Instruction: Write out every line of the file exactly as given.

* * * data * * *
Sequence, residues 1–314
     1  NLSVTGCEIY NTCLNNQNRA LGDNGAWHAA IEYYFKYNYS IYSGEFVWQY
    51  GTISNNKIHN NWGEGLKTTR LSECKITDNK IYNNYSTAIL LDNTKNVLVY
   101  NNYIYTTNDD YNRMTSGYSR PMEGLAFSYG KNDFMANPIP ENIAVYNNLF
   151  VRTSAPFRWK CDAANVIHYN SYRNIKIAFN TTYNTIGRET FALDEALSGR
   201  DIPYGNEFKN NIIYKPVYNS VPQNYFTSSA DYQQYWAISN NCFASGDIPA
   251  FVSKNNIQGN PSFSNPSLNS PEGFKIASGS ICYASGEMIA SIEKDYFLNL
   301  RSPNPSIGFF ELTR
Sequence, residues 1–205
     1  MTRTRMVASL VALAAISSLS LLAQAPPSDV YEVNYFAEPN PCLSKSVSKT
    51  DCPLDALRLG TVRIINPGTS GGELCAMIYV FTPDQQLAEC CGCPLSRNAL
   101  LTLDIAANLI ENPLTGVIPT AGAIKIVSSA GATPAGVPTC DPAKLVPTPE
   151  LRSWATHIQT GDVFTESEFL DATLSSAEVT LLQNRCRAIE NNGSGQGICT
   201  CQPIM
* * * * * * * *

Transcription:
Sequence, residues 1–314
     1  NLSVTGCEIY NTCLNNQNRA LGDNGAWHAA IEYYFKYNYS IYSGEFVWQY
    51  GTISNNKIHN NWGEGLKTTR LSECKITDNK IYNNYSTAIL LDNTKNVLVY
   101  NNYIYTTNDD YNRMTSGYSR PMEGLAFSYG KNDFMANPIP ENIAVYNNLF
   151  VRTSAPFRWK CDAANVIHYN SYRNIKIAFN TTYNTIGRET FALDEALSGR
   201  DIPYGNEFKN NIIYKPVYNS VPQNYFTSSA DYQQYWAISN NCFASGDIPA
   251  FVSKNNIQGN PSFSNPSLNS PEGFKIASGS ICYASGEMIA SIEKDYFLNL
   301  RSPNPSIGFF ELTR
Sequence, residues 1–205
     1  MTRTRMVASL VALAAISSLS LLAQAPPSDV YEVNYFAEPN PCLSKSVSKT
    51  DCPLDALRLG TVRIINPGTS GGELCAMIYV FTPDQQLAEC CGCPLSRNAL
   101  LTLDIAANLI ENPLTGVIPT AGAIKIVSSA GATPAGVPTC DPAKLVPTPE
   151  LRSWATHIQT GDVFTESEFL DATLSSAEVT LLQNRCRAIE NNGSGQGICT
   201  CQPIM